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By Michael Rose
Drivers of commercial motor vehicles, including buses and trucks on interstate routes, will be banned from using hand-held mobile telephones while driving, under a final rule published in the Dec. 2 Federal Register (76 Fed. Reg. 75,470) by the Transportation Department.
The final rule addresses two proposed rules, issued separately by DOT's Federal Motor Carrier Safety Administration in December 2010 (62 BTM 3, 1/4/11) and its Pipeline and Hazardous Materials Safety Administration in April 2011 that both were designed to restrict cell phone use by commercial drivers.
The rule addresses the use of “hand-held mobile telephones” by drivers of commercial motor vehicles (CMVs), including “using at least one hand to hold a mobile telephone” for a phone call, the final rule said. Drivers, however, may use “a compliant mobile telephone,” such as a hands-free model, while driving.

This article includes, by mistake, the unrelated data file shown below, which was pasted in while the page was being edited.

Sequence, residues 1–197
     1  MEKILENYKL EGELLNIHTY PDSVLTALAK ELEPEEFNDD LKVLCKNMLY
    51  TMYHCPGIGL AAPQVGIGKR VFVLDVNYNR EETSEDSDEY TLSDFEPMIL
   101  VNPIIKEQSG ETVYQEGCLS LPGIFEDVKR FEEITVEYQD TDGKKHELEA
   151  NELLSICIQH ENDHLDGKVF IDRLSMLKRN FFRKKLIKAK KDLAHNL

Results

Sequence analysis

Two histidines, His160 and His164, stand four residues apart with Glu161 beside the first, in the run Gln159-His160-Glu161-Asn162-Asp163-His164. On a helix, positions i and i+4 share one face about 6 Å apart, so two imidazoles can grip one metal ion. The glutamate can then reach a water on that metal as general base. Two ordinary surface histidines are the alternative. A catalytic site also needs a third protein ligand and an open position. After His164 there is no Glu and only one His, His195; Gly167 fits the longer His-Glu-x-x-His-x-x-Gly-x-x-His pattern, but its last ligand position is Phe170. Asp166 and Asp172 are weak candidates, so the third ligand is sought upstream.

In addition, the rule provides that “interstate CMV drivers convicted of using a hand-held mobile telephone” and “[commercial driver's license] holders convicted of two or more serious traffic violations of State or local laws or ordinances on motor vehicle traffic control, including using a hand-held mobile telephone,” will be disqualified from operating commercial motor vehicles.
Employers of commercial drivers also will be banned under the final rule from requiring drivers to use their cell phones while driving.
Drivers can be fined $2,750 per violation, and carriers may be fined $11,000, the rule said.
Text of the final rule may be accessed at http://op.bna.com/dlrcases.nsf/r?Open=mroe-8nvrfk .
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